Apollo 11, 2019.
Directed by Todd Douglas Miller.
Starring Neil Armstrong, Buzz Aldrin and Michael Collins.
A documentary that brings to life a selection of archive footage, including some that has never been seen before, to explore the 1969 mission to put men on the moon.
Coming less than a year after Damien Chazelle’s heavyweight biopic First Man, which told the story of Neil Armstrong’s journey to the moon through the brooding eyes of Ryan Gosling, it might seem like there’s not much room for a straight documentary about the 1969 mission. Step forward Apollo 11, though, which feels like an immediately essential portrait of one of the most remarkable achievements in the history of humanity. As the voiceover of a news anchor says at the time of the launch, this marked “the beginning of mankind’s greatest adventure”.
For starters, the movie is a feat of technical innovation. Much like last year’s excellent Peter Jackson documentary They Shall Not Grow Old, which brought the First World War to vivid life, director Todd Douglas Miller tells his story entirely through meticulously restored archival material. There’s no recorded narration and not a single talking head, with the story told via contemporary voice recordings and news reports. It’s an approach that has born fruit for documentarians like Asif Kapadia (Senna and Amy) and does so again here.
One of the most admirable elements of the film is its commitment to detail. There’s plenty of focus on the level of precision and perfection required to make space travel possible and some of the numbers are massive enough to scramble the mind – 7.6 million pounds of thrust to get off the ground; speeds of 23,000mph attained to break free of orbit around Earth. However, none of this detail and jargon is ever pushed beyond the point of layman comprehension, ensuring that everything is kept firmly in perspective. With hundreds of hours of catalogued video footage to choose from, and more than 11,000 hours of audio recording, the coherence of this movie is something to be treasured.
The scale of the achievement is always at the centre of Apollo 11, whether it’s the camera lens being filled by the blinding flames of the rocket’s thrusters as it leaves the ground or the helicopter footage of throngs of euphoric well-wishers watching the launch. There’s also a neat evocation of the mission’s dominance in the landscape of the time, with one brief news report explaining recent developments in Vietnam and the impact of the Chappaquiddick incident, which unfolded “while Apollo has held our attention”. For those of us who weren’t around during that week 50 years ago, Miller’s movie does a stellar job of elucidating the clear significance of the events.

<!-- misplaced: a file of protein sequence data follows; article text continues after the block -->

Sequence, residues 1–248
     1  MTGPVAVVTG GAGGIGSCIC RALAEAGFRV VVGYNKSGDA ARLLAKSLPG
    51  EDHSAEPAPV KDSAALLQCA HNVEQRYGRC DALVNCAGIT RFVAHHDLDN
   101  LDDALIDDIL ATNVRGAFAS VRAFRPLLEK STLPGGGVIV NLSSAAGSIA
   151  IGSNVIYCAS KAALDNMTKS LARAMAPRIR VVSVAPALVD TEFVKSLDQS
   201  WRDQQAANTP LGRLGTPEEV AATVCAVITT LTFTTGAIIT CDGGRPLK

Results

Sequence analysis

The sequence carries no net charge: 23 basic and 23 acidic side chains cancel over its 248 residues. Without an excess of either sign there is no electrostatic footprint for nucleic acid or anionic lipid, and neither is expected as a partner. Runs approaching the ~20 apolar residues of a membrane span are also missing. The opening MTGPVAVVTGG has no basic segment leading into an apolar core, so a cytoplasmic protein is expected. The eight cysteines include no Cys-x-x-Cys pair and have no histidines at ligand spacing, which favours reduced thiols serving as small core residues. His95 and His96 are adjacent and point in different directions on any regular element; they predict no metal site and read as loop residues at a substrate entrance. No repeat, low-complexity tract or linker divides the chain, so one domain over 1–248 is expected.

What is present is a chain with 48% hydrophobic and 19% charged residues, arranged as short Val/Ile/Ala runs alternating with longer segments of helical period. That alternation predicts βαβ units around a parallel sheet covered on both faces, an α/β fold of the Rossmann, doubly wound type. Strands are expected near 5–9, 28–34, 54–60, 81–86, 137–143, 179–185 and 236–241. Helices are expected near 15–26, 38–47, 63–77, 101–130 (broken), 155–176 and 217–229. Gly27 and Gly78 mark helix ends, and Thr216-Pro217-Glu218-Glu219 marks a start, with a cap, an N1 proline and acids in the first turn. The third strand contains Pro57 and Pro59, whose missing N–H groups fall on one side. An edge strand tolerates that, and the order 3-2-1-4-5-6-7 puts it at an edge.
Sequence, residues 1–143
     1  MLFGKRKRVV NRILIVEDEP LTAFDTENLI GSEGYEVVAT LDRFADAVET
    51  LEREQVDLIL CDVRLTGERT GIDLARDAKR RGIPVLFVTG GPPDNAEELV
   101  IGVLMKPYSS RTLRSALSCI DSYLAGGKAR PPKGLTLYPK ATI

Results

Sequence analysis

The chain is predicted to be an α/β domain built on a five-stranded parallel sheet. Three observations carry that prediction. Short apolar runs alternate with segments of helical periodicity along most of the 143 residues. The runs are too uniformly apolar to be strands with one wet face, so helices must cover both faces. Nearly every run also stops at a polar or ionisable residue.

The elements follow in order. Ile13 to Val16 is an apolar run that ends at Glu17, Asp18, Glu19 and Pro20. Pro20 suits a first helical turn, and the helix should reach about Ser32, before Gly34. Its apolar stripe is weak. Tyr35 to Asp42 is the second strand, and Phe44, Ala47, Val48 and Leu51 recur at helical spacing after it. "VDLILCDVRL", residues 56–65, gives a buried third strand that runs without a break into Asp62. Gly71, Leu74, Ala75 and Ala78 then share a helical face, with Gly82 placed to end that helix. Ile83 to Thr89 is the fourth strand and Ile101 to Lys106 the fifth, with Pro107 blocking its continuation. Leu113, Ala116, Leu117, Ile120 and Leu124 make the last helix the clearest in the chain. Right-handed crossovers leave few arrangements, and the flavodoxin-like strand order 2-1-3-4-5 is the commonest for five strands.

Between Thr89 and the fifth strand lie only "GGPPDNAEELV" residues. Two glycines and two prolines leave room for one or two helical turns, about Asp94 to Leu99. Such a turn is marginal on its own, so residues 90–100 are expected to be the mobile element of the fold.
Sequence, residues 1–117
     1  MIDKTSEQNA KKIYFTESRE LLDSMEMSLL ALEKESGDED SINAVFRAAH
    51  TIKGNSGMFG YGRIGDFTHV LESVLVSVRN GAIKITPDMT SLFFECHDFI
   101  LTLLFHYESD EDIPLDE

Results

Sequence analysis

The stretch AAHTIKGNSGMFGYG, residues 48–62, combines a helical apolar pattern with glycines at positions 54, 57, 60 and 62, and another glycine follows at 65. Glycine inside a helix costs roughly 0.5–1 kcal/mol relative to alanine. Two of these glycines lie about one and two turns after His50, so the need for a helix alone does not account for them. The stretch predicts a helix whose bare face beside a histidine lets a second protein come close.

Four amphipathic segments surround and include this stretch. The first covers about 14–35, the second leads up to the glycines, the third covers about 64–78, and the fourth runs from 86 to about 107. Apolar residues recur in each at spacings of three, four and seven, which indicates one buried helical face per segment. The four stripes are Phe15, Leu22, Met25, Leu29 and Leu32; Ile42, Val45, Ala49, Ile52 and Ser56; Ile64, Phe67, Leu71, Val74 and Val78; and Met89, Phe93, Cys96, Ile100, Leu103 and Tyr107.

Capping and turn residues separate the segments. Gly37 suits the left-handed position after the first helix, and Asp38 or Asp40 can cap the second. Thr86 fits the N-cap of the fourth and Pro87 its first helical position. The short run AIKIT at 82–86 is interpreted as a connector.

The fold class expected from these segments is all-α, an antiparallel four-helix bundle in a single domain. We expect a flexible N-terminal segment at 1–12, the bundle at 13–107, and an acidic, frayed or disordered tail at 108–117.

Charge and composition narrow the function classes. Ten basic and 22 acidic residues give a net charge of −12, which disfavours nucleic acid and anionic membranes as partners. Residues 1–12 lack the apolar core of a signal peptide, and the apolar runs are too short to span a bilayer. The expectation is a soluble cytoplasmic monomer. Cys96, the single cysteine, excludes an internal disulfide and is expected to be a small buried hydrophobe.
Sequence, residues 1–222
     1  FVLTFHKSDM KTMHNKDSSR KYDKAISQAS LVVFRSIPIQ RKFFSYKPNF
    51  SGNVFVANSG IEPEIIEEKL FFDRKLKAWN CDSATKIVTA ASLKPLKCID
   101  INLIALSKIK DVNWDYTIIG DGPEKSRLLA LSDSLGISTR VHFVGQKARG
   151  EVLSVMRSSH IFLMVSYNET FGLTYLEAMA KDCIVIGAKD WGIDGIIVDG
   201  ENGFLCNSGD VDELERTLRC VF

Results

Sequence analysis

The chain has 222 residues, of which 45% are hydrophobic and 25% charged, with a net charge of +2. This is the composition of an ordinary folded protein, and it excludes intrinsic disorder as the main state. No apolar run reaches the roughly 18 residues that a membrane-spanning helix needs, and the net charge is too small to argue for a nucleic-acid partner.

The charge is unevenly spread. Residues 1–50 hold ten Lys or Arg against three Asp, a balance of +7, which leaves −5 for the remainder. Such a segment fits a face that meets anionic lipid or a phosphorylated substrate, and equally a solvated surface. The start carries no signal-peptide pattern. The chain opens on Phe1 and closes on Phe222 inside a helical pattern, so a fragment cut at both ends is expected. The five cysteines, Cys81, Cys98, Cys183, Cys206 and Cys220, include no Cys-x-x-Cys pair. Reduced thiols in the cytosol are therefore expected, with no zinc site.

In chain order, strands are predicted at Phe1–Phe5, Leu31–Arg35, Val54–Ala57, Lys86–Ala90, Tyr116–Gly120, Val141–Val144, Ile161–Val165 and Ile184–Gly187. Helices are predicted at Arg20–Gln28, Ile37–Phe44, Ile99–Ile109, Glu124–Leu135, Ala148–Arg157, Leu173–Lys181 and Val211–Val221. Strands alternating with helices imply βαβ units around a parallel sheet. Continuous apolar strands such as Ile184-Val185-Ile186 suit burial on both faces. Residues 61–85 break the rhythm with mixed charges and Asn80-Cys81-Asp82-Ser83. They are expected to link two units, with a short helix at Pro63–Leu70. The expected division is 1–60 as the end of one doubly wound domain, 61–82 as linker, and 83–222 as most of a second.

Naturally, the three astronauts who boarded the spacecraft are a huge part of telling the story, and they’re given real personality by this film in a way that First Man really struggled to get across. Neil Armstrong is a super-serious master of understatement, while Buzz Aldrin and Michael Collins provide much-needed levity amongst the tension, with the latter quipping “I promise to let you know if I stop breathing” when one of his readings fails.
This is a story about which all of us know at least the main, iconic beats. And yet, Miller is able to craft almost unbearable tension in the space sequences, despite the fact no one genuinely believes that anything is about to go wrong. The inherent precariousness of space travel is an omnipresent threat, only exacerbated by the aforementioned focus on the myriad calculations and intricacies required to drive the mission to success. When Armstrong’s heart rate is revealed to have leapt from 110 beats per minute to 156 during the Eagle’s final descent to the surface, it’s an effect that has inevitably been at least partially mirrored in the audience.
While it maintains a deliberate, stately pace and perhaps drags ever so slightly on the return journey to Earth, Apollo 11 is an engaging and exhaustive exploration of the moon mission that deals in enjoyable details and breath-taking imagery in equal measure. Decades after Armstrong took the first steps, there’s still an undeniable wonder to seeing the Earth from orbit and experiencing the surface of Earth’s closest celestial neighbour for the first time.
Seek out the biggest possible screen for this one, which feels like it will almost immediately become a set text in school science lessons – a film that is both accessible and essential.
Flickering Myth Rating – Film: ★ ★ ★ ★ / Movie: ★ ★ ★ ★
Tom Beasley is a freelance film journalist and wrestling fan. Follow him on Twitter via @TomJBeasley for movie opinions, wrestling stuff and puns.